The story is set in the immediate aftermath of World War II, a period filled with chaos and hope. How much research did it require from you to bring authenticity to Tasha's journey?

I did a lot of research for this novel, as for all my novels, but it’s no hardship as I love reading the history of this period (and more or less any period!). I usually start wide, reading all around the era and the country/countries the novel will be set in and then hone in on specifics as the story I’d like to tell starts to emerge from the mass of detail. I find all my ideas come out of my research. Fascinating golden nuggets of stories catch my eye and I follow them, filling out as much detail as I possibly can from books, witness accounts and any available records. I really hope my novels are the richer for having lots of true detail.

What was the most interesting aspect of your research?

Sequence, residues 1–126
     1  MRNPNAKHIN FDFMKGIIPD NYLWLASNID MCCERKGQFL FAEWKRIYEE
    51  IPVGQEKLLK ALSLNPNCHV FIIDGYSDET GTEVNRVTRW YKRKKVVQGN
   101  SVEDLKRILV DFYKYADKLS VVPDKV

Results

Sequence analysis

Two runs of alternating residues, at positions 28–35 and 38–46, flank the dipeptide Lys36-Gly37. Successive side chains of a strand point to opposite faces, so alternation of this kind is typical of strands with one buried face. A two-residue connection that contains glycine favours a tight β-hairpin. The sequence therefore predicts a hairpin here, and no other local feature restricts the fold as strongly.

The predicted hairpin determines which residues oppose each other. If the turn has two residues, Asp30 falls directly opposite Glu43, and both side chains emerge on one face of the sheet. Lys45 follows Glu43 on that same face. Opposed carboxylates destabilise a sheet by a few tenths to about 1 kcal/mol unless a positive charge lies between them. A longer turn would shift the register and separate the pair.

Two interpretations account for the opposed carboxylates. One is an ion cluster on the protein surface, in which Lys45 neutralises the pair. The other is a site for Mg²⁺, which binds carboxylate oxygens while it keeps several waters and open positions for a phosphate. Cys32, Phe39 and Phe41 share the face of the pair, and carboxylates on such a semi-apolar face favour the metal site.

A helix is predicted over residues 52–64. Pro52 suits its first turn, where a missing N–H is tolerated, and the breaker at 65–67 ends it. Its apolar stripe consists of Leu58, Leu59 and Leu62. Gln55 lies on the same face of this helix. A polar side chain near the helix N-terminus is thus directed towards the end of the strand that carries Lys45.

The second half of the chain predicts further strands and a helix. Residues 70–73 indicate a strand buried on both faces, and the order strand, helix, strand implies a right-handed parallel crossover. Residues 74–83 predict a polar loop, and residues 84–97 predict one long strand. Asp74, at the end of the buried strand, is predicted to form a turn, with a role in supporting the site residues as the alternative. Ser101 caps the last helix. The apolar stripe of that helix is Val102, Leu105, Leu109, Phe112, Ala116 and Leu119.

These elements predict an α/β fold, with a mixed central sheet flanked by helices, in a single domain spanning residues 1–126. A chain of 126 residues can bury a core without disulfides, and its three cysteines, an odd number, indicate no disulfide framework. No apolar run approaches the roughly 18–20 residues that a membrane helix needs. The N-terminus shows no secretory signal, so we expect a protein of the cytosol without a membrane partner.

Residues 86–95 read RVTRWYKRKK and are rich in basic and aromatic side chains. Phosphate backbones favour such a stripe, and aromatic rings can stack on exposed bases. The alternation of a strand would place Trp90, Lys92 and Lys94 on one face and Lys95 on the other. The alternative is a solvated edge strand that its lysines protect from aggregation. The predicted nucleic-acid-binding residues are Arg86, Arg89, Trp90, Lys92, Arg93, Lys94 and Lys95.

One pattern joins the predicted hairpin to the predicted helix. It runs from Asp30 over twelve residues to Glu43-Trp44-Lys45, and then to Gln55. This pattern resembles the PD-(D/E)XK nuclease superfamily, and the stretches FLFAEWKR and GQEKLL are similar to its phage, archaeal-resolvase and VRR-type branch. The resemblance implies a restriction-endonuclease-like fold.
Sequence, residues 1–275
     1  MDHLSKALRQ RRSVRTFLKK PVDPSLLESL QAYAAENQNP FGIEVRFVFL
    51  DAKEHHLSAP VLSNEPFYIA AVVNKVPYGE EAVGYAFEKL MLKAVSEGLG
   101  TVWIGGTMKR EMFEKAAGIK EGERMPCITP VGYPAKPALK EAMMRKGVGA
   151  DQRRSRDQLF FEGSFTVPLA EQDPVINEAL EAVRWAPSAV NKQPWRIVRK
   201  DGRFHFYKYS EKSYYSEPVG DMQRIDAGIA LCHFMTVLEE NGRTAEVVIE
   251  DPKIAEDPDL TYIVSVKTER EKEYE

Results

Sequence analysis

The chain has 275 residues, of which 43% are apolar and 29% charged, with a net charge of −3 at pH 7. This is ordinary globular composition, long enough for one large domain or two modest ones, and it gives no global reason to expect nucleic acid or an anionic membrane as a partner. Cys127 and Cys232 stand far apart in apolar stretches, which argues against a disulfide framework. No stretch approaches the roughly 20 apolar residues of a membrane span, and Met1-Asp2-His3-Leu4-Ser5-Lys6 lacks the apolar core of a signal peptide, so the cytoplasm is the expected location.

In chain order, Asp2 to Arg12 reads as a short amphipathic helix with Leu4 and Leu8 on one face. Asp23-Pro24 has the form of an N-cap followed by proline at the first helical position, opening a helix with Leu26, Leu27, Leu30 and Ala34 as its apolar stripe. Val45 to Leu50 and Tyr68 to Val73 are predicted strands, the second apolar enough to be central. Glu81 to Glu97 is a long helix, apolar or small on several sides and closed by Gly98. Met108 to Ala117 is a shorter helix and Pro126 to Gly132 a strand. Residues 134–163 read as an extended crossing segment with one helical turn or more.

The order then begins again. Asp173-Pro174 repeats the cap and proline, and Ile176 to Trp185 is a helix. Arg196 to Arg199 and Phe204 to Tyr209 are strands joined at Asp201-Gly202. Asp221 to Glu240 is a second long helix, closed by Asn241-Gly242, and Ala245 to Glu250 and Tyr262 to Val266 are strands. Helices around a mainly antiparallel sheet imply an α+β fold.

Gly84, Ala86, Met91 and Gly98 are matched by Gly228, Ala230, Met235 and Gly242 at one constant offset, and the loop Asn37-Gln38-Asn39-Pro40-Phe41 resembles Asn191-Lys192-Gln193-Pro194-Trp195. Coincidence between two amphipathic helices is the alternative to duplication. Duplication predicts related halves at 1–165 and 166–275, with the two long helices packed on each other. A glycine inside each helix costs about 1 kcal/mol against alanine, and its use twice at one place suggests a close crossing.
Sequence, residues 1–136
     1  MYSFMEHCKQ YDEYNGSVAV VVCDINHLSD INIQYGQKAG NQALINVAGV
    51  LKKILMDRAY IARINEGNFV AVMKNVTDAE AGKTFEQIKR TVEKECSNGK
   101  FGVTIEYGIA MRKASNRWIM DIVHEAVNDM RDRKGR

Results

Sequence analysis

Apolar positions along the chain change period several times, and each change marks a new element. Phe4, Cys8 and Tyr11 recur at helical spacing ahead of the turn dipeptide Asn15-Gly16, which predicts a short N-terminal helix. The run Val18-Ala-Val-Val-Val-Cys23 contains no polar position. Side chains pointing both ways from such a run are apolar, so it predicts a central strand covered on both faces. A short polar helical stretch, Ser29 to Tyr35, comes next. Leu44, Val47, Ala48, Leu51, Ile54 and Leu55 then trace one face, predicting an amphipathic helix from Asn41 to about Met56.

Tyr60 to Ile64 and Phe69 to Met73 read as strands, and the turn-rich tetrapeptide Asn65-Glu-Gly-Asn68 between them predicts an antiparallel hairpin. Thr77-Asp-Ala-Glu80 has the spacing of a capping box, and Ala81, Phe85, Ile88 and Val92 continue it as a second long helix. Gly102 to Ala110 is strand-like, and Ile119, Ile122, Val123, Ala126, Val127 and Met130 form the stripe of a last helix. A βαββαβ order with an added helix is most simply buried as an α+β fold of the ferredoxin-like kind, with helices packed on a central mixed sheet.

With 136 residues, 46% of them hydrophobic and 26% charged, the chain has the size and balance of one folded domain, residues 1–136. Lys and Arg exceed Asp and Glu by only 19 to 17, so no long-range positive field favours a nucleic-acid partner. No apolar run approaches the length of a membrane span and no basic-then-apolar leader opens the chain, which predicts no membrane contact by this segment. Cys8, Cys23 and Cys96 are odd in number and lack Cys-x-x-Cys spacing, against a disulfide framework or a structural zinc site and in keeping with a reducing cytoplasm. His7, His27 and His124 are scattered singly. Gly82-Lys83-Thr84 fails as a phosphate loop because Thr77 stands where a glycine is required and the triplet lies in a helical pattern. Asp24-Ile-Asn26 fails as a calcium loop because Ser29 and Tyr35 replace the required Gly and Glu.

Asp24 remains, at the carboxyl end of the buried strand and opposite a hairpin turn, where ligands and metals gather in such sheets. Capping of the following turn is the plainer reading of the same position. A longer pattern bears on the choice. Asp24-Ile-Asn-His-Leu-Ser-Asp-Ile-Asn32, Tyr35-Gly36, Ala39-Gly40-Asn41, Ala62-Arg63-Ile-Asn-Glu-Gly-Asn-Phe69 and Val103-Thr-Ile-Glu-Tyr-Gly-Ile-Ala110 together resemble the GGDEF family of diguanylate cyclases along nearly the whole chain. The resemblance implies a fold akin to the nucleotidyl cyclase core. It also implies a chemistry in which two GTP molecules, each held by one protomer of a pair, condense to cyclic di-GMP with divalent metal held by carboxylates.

I did quite a bit of research into the hundreds of thousands of people trying to get home from all over Europe after the war. It was not something I’d ever thought of before as in Britain, although there were hardships after the war and obviously a lot of loss to deal with, life went back to something like normal more quickly than in central Europe. I found it heartbreaking and it formed the basis for Lydia’s story (Tasha’s mother), which may seem far-fetched to some readers but is honestly based on truth.

Tasha Ancel's determination to find her mother is a central theme in the book. What does her search symbolize in the broader context of the story?